Most of the propositions of traditional theism flood in Yet the subjective,
choice-centered basis for the worldview colors the style of each Christian
existentialist’s stance within theism

2. Worldview Questions 3 and 6: The personal is the valuable.

As in atheistic existentialism, theistic existentialism emphasizes the
disjunction between the objective and the subjective worlds Martin
Buber, a Jewish existentialist whose views have greatly inf luenced
Christians, uses the terms I-Thou and I-It to distinguish between the
two ways a person relates to reality In the I-It relationship a human be-
ing is an objectifier:

Now with the magnifying glass of peering observation he bends over par-
ticulars and objectifies them, or with the field-glass of remote inspection
he objectifies them and arranges them as scenery, he isolates them in ob-
servation without any feeling of their exclusiveness, or he knits them into
a scheme of observation without any feeling of universality 38

This is the realm of science and logic, of space and time, of measurability
As Buber says, “Without It man cannot live But he who lives by It alone
is not man ”39 The Thou is necessary

In the I-Thou relationship, a subject encounters a subject: “When
Thou is spoken [Buber means experienced], the speaker has nothing
for his object ”40 Rather, such speakers have a subject like themselves
with whom to share a mutual life In Buber’s words, “All real living is
meeting ”41

Buber’s statement about the primacy of I-Thou, person-to-person rela-

38Martin Buber, I and Thou, trans Ronald Gregor Smith (New York: Charles Scribner, 1958),
pp 29-30

39Ibid , p 34
40Ibid , p 4
41Ibid , p 11

Beyond Nihilism 13 5

tionships is now recognized as a classic No simple summary can do it
justice, and I encourage readers to treat themselves to the book itself
Here we must content ourselves with one more quotation about the per-
sonal relationship Buber sees possible between God and people:

Men do not find God if they stay in the world They do not find Him if they
leave the world He who goes out with his whole being to meet his Thou
and carries to it all being that is in the world, finds Him who cannot be
sought Of course God is the “wholly Other”; but He is also the wholly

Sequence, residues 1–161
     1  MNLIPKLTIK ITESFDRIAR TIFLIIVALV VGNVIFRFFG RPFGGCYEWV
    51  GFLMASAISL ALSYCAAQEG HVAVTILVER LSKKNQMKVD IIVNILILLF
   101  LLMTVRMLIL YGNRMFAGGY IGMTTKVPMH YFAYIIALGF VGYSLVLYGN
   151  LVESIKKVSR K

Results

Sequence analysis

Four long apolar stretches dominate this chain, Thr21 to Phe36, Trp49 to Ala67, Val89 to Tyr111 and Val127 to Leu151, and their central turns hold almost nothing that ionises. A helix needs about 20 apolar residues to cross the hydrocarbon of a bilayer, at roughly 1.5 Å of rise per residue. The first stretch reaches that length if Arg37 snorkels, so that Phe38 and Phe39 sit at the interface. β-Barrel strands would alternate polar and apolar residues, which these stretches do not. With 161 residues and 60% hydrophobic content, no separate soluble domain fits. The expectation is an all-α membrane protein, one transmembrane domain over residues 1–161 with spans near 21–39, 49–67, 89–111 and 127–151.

Same, the Wholly Present Of course He is the Mysterium Tremendum
that appears and overthrows; but He is also the mystery of the self-evident,
nearer to me than my I.42

So theistic existentialists emphasize the personal as of primary value
The impersonal is there; it is important; but it is to be lifted up to God,
lifted up to the Thou of all Thous. To do so satisfies the I and serves to
eradicate the alienation so strongly felt by people when they concentrate
on I-It relations with nature and, sadly, with other people as well

This discussion may seem rather abstract to Christians whose faith in
God is a daily reality that they live out rather than reflect on Perhaps the
chart in figure 6 1 comparing two ways of looking at some basic elements
of Christianity will make the issues clearer It is adapted from a lecture
given by theologian Harold Englund at the University of Wisconsin in the
early 1960s Think of the column on the left as describing a dead ortho-
doxy contrasted with the column on the right describing a live theistic

Depersonalized Personalized

Sin Breaking a rule Betraying a relationship

Repentance Admitting guilt Sorrowing over personal

Forgiveness Canceling a penalty Renewing fellowship

Faith Believing a set of propositions Committing oneself to a person

Christian life Obeying rules Pleasing the Lord, a Person

Figure 6.1. Comparison of depersonalized and personalized views of Christian

42Ibid , p 7

1 3 6 Th e U n i v e r s e N e x t D o or

When put this way, the existential version is obviously more attractive
Of course, traditional theists may well respond in two ways: first, the
second column demands or implies the existence of the first column and,
second, theism has always included the second column in its system
Both responses are well founded The problem has been that theism’s
total worldview has not always been well understood and churches have
tended to stick with column one It has taken existentialism to restore
many theists to a full recognition of the richness of their own system

3. Worldview Question 6: Knowledge is subjectivity; the whole truth is
often paradoxical.

An existentialist’s stress on personality and wholeness leads to an equal em-